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2025 Buick Enclave changes trim names and pricing originally appeared on Autoblog on Sun, 2 Jun 2024 10:00:00 EDT. Please see our terms for use of feeds.

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Next-gen GMC Terrain teased looking chiseled in AT4 trim

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Next-gen GMC Terrain teased looking chiseled in AT4 trim originally appeared on Autoblog on Thu, 18 Apr 2024 10:00:00 EDT. Please see our terms for use of feeds.

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A Bolder, More Assertive Next-Generation GMC Terrain is Coming

A Bolder, More Assertive Next-Generation GMC Terrain is Coming


DETROIT – Today GMC shared a preview of the upcoming, next-generation Terrain. The teaser shows off the Terrain AT4’s redesigned front fascia, illustrating the compact crossover’s bolder, more assertive design.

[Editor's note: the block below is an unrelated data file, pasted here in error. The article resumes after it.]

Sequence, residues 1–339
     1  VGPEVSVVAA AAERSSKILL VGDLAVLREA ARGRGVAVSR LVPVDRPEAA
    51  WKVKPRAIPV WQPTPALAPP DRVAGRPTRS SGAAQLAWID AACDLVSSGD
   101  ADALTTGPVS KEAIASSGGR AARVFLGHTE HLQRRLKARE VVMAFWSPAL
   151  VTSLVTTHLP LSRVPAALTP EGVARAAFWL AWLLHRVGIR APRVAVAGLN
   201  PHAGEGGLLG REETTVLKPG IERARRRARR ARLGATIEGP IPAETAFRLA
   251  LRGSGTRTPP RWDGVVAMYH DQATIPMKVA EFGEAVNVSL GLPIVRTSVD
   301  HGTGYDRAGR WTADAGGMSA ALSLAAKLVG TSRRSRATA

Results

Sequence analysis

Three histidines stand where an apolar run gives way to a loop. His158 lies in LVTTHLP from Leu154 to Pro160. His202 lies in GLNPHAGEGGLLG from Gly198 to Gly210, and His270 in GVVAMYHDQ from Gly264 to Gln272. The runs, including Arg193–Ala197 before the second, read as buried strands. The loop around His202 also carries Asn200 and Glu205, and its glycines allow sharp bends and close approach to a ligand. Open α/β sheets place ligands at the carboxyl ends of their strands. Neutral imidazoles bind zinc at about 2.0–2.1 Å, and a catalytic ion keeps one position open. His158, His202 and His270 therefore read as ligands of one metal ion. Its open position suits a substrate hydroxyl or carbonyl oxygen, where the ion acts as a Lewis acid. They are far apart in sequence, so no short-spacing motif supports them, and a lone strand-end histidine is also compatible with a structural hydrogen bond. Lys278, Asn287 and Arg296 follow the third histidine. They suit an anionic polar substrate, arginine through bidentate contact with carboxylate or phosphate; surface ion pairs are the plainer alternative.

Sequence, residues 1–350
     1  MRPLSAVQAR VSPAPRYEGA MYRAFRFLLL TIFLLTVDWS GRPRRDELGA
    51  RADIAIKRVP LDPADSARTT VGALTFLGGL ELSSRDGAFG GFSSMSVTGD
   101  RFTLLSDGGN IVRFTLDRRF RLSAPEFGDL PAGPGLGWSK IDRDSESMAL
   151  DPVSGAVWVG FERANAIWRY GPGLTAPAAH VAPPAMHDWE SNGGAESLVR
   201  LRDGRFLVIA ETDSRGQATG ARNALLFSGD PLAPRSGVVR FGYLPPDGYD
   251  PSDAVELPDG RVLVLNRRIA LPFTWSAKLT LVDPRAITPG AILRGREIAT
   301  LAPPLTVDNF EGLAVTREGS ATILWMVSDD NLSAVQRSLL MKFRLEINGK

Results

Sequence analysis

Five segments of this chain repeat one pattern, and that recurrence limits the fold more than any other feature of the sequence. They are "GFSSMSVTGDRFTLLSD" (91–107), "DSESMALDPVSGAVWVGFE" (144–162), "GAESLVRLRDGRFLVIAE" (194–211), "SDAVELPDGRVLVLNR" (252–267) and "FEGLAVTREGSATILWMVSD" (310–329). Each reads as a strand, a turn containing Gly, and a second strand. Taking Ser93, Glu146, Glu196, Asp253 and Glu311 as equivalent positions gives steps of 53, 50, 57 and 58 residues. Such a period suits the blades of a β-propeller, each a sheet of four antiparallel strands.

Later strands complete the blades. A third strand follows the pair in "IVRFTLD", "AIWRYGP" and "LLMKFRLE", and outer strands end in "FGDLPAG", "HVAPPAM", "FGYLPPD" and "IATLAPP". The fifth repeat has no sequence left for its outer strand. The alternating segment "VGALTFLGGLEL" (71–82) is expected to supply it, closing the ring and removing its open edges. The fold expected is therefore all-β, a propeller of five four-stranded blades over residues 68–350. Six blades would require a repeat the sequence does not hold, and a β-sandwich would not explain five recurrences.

The redesigned Terrain will represent the third generation of the nameplate. Once launched, the Terrain will complete GMC’s enhanced crossover and SUV lineup — joining the all-new 2024 GMC Acadia, expected to hit dealer lots this spring, and the refreshed Yukon, which GMC teased last week.

GMC plans to reveal the next-generation Terrain later this year.

About GMC
GMC offers a range of premium trucks and SUVs designed and engineered to the highest standard. With vehicles like the compact Terrain and full-size Yukon, all-new Canyon and Sierra light-duty, as well as the world’s first all-electric supertruck the GMC HUMMER EV, our trucks and SUVs deliver GMC’s signature combination of intuitive technologies, precise engineering and premium execution. Built on a strong foundation of manufacturing trucks since 1902, GMC now sells in a dozen countries across the world. Details on all models are available at